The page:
“I have one question for you,” she said, leaning on the kitchen counter.
Dirty dishes in hand, I stopped loading the dishwasher and looked at my friend.
“Have you said goodbye?” Her words were gentle yet pulsed with concern.
My eyes closed to hold the tears at bay; I bit my lip to quell its quiver. My sister’s death was eighteen months behind me, but I was still slogging through the muck of grief. I didn’t want to hear this question, much less ponder and act on it. Saying goodbye meant letting go, and I was not ready to face the finality it would bring.
Three days later, my friend, Anna, and I attended a getaway with a few friends. Her question had not left me since she released it into the air. I opened my journal in the quiet hours of the last morning of the trip and started writing. My pencil scratched furiously, unspoken words pouring forth from its tip. Tears dripped down my nose as the things left unsaid made their way from the shadows of my heart to the page bathed in light from the window.
I reached the end of the second page, signed my name, and let the journal fall to the floor. Turning to look at Anna, I said the words at the exact moment I realized what had just happened:
“I just said goodbye.”
The words had barely escaped my lips when I thrust my coffee cup toward Anna and covered my mouth to muffle the guttural sob that rose from the depths of me. Leaning into my friend’s embrace, I mourned the finality of what had just occurred.
I had let her go.
In the weeks since that day, I have experienced a more freeing peace than I have felt since my sister passed away. The tension of feeling responsible for preserving her memory has dissipated. I’ve realized that the essence of who she was will always be accessible to me and those who knew her. Though she is no longer with us physically, the memories we shared with her are ours forever.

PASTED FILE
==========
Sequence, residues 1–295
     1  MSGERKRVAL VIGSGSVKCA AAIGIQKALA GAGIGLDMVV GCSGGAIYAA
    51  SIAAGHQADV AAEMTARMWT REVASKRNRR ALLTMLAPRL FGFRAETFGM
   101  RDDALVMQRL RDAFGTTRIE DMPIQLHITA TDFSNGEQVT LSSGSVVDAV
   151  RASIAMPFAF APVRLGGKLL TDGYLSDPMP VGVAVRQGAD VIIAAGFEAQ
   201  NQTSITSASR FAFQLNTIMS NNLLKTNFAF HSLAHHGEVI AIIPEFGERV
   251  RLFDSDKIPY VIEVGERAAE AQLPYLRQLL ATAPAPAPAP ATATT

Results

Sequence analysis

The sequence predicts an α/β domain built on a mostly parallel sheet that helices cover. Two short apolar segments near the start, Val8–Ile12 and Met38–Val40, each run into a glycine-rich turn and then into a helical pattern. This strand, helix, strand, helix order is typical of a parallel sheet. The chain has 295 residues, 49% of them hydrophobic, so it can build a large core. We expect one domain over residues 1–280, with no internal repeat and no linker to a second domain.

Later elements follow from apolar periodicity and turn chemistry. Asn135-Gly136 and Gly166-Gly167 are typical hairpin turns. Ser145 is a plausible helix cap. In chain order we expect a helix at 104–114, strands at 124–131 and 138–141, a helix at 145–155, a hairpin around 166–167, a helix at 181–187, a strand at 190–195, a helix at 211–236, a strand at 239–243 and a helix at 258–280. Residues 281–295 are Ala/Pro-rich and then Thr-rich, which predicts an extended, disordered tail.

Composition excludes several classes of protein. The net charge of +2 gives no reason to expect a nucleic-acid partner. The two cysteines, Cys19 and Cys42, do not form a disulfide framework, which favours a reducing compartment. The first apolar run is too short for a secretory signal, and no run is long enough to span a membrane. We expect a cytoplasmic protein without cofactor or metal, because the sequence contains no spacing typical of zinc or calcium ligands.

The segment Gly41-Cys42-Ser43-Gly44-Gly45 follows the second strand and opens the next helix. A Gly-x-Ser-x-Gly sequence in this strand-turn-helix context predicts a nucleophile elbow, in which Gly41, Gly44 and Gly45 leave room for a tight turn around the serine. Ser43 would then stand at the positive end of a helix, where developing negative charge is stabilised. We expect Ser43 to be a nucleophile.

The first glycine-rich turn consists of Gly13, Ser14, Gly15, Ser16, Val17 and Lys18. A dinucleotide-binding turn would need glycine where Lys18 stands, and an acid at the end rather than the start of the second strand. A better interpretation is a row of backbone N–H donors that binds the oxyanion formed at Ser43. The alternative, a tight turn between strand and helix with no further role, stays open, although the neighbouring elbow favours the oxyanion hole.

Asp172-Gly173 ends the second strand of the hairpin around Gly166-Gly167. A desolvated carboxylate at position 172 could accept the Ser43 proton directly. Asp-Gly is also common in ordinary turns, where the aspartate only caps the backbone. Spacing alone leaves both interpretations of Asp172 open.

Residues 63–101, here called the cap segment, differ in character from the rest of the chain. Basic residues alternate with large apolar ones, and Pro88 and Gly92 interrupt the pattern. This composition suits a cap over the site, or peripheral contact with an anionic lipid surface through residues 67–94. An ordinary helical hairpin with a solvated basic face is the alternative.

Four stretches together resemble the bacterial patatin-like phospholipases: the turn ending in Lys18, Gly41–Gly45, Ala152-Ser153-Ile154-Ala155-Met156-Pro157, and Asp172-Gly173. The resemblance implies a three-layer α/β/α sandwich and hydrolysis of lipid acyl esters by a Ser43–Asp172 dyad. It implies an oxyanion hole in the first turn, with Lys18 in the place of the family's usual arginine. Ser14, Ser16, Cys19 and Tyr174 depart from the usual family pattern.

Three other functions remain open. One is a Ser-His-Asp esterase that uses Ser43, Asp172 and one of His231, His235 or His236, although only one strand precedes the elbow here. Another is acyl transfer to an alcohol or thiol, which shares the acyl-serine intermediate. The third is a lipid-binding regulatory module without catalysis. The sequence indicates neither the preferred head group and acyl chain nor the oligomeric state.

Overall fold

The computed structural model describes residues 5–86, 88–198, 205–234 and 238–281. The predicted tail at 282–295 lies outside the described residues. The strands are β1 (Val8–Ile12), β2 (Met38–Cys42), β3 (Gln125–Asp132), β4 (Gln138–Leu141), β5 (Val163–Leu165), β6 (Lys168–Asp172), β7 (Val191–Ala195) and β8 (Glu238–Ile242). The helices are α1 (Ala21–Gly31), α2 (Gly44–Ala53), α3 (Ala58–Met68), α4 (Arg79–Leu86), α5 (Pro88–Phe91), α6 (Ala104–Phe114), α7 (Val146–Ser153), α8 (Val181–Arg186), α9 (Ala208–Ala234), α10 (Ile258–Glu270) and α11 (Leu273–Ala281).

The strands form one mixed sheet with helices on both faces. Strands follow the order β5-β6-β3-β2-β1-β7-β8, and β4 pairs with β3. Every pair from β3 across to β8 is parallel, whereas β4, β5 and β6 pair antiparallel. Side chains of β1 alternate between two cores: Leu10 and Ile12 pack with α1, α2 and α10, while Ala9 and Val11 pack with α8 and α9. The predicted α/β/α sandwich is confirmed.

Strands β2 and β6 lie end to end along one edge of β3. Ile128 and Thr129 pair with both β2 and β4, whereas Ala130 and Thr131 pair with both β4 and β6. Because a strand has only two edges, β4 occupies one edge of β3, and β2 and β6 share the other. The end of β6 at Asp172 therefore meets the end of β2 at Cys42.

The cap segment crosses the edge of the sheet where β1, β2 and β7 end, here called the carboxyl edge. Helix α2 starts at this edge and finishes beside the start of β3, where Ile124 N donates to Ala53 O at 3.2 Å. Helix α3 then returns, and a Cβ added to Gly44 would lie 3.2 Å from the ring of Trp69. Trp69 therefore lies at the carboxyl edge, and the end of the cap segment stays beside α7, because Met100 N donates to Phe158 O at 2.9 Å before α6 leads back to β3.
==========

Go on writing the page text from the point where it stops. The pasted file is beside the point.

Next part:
Grief isn’t linear; once you’ve experienced loss, it becomes a part of you. Some days it is more visible than others. Some days the pain incapacitates you; other days it recedes enough that you nearly forget it’s there.
Genesis 32 tells us that Jacob wrestled with God. He held on with all his might, refusing to give up even when God displaced his hip. Jacob insisted, “I will not let go until you bless me.” When dawn broke after the long night of wrestling, God revealed himself to Jacob and blessed him. Even so, when Jacob left the place of the battle and blessing, he walked with a limp.
Like Jacob, I have wrestled with God during the long, hard night of the last eighteen months. I have pleaded for His blessing and prayed for relief. I have fought to hold on in the midst of great pain. And yet I’m still here, albeit with a limp but still upright and living — just as my sister would want me to be.
If you are in the midst of circumstances that require you to hold on tight until your blessing comes, I want to offer a few ways I’ve learned to wrestle well through hard seasons:
Grieve what should have been.
No matter how hard we try to hold our expectations of how our lives should unfold in check, we are inevitably jarred by circumstances beyond our control — a death, a job loss, divorce, an estranged child, a miscarriage. There are no small losses. When faced with these circumstances, allow yourself to grieve what you had expected to happen.
Tell God how you really feel.
As Christians we may believe that our messy, negative emotions (sadness, anger, fear, and anxiety) are not appropriate and try to ignore or suppress them. Can I tell you a not-so-secret secret? God can handle your full range of emotions. Romans 8:26 says that “the Spirit himself intercedes for us with groanings too deep for words.” Voice your emotions through prayer or journaling. The Holy Spirit is waiting to comfort you in your heartache.
Reach out for support.
Many of us feel like we are burdening our friends and family when we are going through a hard season. We don’t want to be a bother or bring everyone down with our hurting hearts. But I’ve found, more often than not, that my friends would prefer I share my struggle with them, so they know how to pray for me. They will check in on me to see how I am. If I pretend I am fine when I’m not, I rob them of the opportunity to walk alongside me. Galatians 6:2 exhorts us to “carry one another’s burdens.”
There is hope, friend. I know it may not seem like it now, but it is there. If you squint, you may catch a glimpse of it in the distance. Hold on, the dawn is coming.
There is hope, friend. Hold on, the dawn is coming. #grief #loss -@TiccoaLeister: Click To Tweet